How can you say what my best interest is? What are you trying to say, I’m crazy?
When I went to your schools, I went to your churches,
I went to your institutional learning facilities?! So how can you say I’m crazy?

They say they’re gonna fix my brain
Alleviate my suffering and my pain
But by the time they fix my head
Mentally I’ll be dead


It doesn’t matter, I’ll probably get hit by a car anyway

You know all these years, I thought the lyric was “I’ll probably get my car anyway” not “get hit by a car.”  Oh well.

Paging Molly Ringwald

Tell me this new French band doesn’t sound like some of the less techno background music in any of the John Hughes Molly Ringwald vehicles.

M83 – We Own the Sky

This video comes from a contest the band’s label had to make a video for the song. This is one of the only videos that had people of color in it. I chose it partially because of its creators’ ability to think beyond racial homogoneity and partially because I think it is literally the only video I have ever seen on youtube that wasn’t a PSA or some kind of mocking thing that features elders. How cool would it be for a song that has huge indie buzz and is no doubt about to break in the U.S. to feature something other than beautiful androgynous mainstream youth?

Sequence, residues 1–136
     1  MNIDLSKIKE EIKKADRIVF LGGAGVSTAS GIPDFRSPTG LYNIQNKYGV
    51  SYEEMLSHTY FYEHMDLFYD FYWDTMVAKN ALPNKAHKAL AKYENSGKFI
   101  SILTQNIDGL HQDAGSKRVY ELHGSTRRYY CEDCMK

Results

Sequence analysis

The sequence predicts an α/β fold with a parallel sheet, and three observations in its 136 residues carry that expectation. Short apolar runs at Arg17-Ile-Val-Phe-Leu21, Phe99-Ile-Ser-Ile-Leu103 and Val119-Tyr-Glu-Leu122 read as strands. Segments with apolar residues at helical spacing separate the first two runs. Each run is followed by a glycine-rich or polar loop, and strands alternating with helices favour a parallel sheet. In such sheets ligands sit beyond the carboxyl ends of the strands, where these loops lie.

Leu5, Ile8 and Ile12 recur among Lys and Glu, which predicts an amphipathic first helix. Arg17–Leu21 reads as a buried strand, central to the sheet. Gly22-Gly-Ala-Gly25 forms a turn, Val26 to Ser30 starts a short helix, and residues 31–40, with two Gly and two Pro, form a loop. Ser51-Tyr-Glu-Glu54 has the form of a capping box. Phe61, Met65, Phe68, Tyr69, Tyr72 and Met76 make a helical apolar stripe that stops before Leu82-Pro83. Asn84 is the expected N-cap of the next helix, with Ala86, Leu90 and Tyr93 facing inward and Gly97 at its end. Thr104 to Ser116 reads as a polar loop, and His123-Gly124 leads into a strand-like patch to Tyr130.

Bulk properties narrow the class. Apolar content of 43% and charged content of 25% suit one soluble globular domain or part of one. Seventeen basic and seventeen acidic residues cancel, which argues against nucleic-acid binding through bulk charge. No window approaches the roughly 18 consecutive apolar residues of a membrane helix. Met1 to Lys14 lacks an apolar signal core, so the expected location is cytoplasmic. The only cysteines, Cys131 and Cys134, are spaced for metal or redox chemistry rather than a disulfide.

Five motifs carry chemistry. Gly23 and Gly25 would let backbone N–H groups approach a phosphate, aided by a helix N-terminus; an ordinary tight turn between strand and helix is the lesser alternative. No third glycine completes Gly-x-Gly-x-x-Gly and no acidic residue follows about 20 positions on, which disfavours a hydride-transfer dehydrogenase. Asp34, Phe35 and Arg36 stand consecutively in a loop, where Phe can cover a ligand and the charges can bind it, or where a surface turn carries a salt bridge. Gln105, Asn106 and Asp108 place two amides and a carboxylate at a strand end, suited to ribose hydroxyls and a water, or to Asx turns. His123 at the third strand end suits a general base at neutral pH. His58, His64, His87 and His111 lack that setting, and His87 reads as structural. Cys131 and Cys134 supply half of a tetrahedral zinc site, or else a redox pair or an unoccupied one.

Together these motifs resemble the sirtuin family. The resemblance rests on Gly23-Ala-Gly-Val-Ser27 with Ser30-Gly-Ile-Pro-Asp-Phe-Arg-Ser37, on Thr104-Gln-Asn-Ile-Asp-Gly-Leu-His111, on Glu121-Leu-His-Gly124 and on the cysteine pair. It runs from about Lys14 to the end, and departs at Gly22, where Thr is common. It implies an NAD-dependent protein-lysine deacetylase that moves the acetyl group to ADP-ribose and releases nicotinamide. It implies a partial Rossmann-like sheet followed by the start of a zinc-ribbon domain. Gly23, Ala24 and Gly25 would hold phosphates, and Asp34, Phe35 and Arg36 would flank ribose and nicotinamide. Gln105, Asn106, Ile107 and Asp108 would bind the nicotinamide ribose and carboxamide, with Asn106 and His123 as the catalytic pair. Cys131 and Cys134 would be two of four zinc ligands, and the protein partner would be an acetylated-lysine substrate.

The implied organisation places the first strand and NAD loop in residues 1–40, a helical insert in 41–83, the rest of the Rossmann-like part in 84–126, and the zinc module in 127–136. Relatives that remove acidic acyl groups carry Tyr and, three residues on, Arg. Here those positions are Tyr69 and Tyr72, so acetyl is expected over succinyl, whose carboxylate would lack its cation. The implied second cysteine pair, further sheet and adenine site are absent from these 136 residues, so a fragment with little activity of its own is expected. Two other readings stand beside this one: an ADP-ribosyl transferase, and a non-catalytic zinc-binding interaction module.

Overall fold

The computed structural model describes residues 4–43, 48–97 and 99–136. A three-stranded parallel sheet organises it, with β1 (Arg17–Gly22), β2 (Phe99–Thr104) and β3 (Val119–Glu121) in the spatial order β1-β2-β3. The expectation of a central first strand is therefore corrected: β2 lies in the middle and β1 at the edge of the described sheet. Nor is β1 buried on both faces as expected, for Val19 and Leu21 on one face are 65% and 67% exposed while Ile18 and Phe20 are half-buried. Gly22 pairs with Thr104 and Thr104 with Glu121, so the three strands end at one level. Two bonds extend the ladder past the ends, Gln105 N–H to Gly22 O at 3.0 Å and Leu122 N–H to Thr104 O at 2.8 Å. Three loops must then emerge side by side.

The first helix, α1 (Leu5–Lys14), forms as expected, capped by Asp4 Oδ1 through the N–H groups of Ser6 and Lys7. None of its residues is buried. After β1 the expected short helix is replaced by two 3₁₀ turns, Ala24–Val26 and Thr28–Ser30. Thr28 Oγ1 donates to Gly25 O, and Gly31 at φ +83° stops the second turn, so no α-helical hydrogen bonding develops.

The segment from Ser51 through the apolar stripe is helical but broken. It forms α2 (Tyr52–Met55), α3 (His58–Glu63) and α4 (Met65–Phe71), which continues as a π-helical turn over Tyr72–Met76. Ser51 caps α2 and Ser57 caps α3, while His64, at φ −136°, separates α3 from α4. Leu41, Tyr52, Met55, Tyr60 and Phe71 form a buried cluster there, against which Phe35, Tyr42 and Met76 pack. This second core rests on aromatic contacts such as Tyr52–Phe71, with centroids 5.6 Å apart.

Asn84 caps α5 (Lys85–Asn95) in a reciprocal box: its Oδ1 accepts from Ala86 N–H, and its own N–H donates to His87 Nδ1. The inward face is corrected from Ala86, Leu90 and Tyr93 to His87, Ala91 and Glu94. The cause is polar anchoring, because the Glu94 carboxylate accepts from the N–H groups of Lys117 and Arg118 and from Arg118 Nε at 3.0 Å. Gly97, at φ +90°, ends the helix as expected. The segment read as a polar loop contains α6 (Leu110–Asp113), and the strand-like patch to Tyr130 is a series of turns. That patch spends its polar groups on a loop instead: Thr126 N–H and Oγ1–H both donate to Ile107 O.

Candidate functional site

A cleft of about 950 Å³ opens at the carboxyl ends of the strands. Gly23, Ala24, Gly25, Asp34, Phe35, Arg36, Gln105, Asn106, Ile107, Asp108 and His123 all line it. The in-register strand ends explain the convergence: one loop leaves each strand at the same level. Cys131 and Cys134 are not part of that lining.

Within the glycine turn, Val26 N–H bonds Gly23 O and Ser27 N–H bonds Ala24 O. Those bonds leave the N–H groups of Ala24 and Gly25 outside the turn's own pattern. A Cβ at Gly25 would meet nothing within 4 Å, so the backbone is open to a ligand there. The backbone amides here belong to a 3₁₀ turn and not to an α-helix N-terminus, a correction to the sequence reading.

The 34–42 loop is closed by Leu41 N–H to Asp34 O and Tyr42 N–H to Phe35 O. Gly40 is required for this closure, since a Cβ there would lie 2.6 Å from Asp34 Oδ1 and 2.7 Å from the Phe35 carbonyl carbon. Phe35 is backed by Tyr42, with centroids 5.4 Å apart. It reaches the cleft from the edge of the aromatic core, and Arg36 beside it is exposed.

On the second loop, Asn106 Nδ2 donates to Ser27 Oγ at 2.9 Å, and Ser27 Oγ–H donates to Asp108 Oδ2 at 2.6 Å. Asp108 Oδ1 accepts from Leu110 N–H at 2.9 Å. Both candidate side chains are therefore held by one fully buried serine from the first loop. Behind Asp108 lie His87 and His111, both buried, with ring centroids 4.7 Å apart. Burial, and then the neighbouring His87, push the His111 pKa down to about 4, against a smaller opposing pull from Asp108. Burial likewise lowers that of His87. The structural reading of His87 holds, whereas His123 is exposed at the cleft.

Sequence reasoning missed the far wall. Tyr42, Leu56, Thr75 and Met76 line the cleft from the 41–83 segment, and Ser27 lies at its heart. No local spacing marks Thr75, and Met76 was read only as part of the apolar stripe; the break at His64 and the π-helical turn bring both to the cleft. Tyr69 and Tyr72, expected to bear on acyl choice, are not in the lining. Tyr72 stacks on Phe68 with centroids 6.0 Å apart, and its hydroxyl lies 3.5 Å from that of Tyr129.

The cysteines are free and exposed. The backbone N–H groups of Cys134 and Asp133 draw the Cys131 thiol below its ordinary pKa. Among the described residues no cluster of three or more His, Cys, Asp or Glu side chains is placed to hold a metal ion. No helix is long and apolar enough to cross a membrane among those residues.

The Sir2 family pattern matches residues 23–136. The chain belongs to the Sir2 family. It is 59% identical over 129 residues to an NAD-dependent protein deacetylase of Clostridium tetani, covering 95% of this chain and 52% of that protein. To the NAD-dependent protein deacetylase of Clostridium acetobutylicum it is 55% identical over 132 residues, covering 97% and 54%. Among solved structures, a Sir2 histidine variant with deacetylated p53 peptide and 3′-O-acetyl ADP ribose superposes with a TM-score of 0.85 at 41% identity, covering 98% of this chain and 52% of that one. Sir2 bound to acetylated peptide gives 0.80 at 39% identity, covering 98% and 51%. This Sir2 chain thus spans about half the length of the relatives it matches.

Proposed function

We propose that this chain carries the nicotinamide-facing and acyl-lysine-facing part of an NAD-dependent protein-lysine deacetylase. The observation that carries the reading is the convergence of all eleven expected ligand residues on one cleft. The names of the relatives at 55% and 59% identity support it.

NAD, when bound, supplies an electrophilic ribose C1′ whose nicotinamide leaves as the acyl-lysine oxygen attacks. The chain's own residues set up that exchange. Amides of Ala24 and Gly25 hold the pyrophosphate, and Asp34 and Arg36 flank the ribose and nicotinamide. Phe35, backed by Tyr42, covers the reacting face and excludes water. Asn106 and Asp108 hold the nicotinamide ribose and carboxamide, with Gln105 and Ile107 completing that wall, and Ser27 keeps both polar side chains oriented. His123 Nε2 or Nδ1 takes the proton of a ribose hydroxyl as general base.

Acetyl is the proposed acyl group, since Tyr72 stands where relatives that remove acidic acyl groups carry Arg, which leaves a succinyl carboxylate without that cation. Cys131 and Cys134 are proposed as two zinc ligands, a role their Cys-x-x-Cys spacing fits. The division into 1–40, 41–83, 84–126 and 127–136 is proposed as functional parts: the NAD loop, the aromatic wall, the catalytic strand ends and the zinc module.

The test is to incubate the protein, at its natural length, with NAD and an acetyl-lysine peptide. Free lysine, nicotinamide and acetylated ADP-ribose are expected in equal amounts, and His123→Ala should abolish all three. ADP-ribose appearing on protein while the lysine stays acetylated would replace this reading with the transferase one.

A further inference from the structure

m83- Don’t Save Us From the Flames

And this one really is channeling all of the best of 80s new wave. If you cannot hear it, then all I can say to you is:

Blaine: Think you can recommend something else? A little less political?

Andie: Lionel Richie?

Blaine: Nah (Hughes 1986)


Happy Valentine’s Day – Remember there is Always Atleast One Person who Loves You